Did anyone watch Arrested Development last weekend? I would guess the audience overlap is probably pretty slim, but I felt some similar feelings watching that as I did watching the season premiere of Top Shot. The longer something goes away the higher the expectations are, and in some cases those expectations simply cannot be met.
I was very excited for the start of this season. While I thought it was maybe a little too early for an All Star season of the show, if that's what it needed to do to survive, I was happy to watch. But with the new rules, the show has sloughed off some of the pieces that made it so great.
I'm getting back in the grove of things, and usually I like to take this spot to discuss team strategy, but since there are no more teams and because there was a lot going on in the first episode of the season, I'm going to take it bit by bit and give a few thoughts about the show's new format. Starting from the top then:
While it makes sense on paper, it's hard to justify this in practice. Sure, no one wants to go back to relying on teammates to deliver in this kind of competition, but the team aspect is part of what makes the show interesting. It's like the producers are forgetting they are making a television show. A show needs a story, and a story needs conflict. They're trying so hard to cut down on the drama, and I think ultimately it's going to backfire in these early episodes. Putting two teams under one roof is something no other reality competition show does. It doesn't need to be the main focus of the show, and it never has been, but those little bits of drama made the show be more than just shooting. Now it's as though I'm watching an Olympic shooting match, and I don't mean that in a good way.
I'm a little confused why the winner gets a boat. I've always wanted to see a challenge on the water, but I don't know how much duck hunting these guys are doing. Why wouldn't you give them a gun and year's worth of ammo or something? It's a cool boat, don't get me wrong, I'm just struggling to see why that's more incentive than prize money or say a shooting contract?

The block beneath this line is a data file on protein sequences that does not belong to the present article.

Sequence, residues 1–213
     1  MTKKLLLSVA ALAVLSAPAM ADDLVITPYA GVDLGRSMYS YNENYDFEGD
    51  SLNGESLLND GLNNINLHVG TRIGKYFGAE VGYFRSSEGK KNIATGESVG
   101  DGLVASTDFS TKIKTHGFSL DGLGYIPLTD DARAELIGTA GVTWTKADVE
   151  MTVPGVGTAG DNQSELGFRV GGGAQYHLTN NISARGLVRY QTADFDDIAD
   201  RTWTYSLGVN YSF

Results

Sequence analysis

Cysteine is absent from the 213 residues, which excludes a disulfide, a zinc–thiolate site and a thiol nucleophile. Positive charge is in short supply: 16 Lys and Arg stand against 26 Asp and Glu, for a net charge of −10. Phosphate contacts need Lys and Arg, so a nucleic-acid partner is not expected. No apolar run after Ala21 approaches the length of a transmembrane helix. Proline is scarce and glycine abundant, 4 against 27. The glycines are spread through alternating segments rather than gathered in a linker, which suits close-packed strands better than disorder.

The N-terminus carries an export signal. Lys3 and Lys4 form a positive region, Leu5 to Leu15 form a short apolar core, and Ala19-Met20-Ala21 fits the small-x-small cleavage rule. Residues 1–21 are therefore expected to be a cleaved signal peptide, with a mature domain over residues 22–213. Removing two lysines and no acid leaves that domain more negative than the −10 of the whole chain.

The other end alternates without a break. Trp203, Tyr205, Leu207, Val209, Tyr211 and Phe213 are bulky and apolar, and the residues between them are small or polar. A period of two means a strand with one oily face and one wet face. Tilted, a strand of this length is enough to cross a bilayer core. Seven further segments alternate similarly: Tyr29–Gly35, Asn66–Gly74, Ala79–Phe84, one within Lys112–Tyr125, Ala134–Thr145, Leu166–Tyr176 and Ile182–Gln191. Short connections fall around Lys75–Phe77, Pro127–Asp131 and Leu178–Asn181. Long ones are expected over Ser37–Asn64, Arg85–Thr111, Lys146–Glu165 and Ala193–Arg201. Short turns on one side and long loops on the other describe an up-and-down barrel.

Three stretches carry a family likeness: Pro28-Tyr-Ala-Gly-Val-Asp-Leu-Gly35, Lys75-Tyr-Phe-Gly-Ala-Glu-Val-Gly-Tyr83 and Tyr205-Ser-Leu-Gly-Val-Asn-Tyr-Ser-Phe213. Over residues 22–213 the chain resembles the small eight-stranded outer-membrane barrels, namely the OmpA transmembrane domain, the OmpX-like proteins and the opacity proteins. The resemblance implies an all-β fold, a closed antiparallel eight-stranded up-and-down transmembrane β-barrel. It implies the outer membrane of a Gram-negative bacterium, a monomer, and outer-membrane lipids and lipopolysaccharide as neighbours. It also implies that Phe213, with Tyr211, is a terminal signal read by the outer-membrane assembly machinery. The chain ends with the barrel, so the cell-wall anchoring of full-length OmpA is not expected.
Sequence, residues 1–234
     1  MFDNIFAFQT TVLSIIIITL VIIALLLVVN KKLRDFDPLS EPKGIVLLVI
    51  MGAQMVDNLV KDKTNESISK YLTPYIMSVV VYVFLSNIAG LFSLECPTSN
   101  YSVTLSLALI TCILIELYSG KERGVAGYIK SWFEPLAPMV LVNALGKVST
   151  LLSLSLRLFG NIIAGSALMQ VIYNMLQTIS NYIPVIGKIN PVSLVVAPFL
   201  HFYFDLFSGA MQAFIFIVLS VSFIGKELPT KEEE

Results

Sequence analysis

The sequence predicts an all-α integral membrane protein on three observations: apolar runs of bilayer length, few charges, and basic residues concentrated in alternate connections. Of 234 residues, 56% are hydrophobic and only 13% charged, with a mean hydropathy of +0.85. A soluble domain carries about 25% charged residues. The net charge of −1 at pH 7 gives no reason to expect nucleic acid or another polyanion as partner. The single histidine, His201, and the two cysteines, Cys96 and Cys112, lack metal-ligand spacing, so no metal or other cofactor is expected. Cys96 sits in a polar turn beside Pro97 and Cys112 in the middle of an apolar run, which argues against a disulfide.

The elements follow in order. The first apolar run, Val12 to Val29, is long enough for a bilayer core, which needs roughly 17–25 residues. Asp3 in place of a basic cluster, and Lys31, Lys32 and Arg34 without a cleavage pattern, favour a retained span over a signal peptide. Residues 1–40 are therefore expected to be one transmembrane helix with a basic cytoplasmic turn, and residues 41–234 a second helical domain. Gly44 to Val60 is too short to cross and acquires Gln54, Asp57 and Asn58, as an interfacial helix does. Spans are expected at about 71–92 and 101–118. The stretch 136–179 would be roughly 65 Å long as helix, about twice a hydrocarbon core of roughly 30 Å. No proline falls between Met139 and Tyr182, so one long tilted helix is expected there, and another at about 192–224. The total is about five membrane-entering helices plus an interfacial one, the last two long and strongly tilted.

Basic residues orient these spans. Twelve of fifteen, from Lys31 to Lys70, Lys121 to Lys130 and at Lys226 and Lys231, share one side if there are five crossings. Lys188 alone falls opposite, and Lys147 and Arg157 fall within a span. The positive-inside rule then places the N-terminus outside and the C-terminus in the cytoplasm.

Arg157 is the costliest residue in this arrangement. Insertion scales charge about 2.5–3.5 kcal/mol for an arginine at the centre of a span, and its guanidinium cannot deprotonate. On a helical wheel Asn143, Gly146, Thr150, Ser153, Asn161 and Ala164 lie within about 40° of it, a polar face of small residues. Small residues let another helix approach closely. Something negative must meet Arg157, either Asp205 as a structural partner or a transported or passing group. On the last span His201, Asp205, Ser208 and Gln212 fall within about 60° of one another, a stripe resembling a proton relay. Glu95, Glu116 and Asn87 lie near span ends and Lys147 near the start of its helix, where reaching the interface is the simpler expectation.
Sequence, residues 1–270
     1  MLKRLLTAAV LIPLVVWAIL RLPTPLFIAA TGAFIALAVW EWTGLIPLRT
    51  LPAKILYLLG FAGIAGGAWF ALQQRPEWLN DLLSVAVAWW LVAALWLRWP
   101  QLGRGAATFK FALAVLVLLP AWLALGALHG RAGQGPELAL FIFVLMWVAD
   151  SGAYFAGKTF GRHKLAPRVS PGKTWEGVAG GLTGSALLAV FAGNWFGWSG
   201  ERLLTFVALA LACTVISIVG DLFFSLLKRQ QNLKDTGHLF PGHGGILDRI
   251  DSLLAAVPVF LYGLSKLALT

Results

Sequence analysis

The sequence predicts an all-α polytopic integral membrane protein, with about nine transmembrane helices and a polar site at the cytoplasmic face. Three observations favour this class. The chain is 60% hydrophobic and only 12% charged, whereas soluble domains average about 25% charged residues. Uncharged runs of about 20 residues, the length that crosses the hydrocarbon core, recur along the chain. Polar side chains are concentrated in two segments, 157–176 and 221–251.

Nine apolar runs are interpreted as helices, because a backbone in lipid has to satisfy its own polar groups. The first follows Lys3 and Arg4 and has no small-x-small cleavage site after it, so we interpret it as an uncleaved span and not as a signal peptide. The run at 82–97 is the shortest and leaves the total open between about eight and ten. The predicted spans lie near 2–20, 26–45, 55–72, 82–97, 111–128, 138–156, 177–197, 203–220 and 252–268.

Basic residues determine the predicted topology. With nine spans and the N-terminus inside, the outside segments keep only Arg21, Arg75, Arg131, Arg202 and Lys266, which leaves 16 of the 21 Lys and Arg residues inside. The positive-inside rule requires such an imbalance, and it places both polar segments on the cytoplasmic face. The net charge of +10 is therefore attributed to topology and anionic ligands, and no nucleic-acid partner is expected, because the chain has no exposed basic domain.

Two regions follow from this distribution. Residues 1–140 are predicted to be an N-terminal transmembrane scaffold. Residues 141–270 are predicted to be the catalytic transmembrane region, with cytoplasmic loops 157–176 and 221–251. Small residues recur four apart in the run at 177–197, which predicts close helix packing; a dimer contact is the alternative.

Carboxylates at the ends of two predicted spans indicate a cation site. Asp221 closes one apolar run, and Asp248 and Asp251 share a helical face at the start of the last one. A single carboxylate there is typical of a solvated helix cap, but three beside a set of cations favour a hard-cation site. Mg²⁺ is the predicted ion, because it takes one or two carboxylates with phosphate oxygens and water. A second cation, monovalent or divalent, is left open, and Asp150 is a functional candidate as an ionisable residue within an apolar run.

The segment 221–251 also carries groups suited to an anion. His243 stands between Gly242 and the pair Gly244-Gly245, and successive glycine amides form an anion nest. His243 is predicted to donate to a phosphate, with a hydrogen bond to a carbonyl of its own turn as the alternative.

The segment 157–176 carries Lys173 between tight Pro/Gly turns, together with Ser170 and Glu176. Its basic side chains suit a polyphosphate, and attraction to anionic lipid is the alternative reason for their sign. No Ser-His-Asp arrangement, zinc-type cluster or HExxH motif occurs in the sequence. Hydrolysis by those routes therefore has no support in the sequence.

The First Challenge
I enjoyed the bits and pieces from previous seasons cobbled together, but it did make it feel a bit like a clip show. Part of the reason I love this show is seeing the inventive ways shooters are tested with different kinds of weapons. This could very quickly feel repetitive, and repetition is boring.
The other issue with not having teams is it is going to make these early challenges incredibly drawn out. I mean, compare this opening challenge to last season's where contestants went head to head doing rapid fire shooting at a line of targets. It was exhilarating to watch. This challenge it seemed like we were lucky to see someone shoot all three targets without it being edited down. If the producers don't seem to care about the challenge why should we?
Not entirely sure what purpose those guys served by being there. It was almost entirely fan service. I mean they didn't even practice with the contestants. All they provided was some additional commentary. And was I the only one who felt that Iain Harrison kind of got the shaft in that regard? Chris Reed, Chris Cheng and Dustin Ellermann all seemed to get way more screen time.
The Proving Ground
This is another area that I hope sees some improvement in the weeks to come. I like the idea of one shot, all in all done, but man that was the antithesis of suspense. Too many people, too little action, too simple a task. Without voting there's no element of surprise to be had in these proceedings. Whether or not someone hits the bulls eye just doesn't have the same viewing intensity as seeing whether or not someone turns on their teammate.
The great thing about the nomination range was that it was almost always obvious who one of the contestants going to elimination would be. The thrill came with seeing who that second person was going to end up being. But again, that's all gone now.
The Elimination Challenge
This is where the excitement of the show is going to live. The group challenges in these early episodes are going to feel like waiting in line at the amusement park and the elimination challenge is going to be the ride at the end. The fatal flaw with eliminating teams is that you need to show 16 (now 15) shooters each making a run at the challenge into the first 20 minutes or so of the program. That's with gratuitous slow motion shots and contestant cutaway commentary. There's just no good way to pace that out no matter how you edit it (at least from what I've seen so far, and yes I am aware these are some very early judgements).
What do you think? Are you all for the less drama more skill? Or would you rather have a few more people butting heads? Leave your thoughts on the start of Season 5 in the comments below.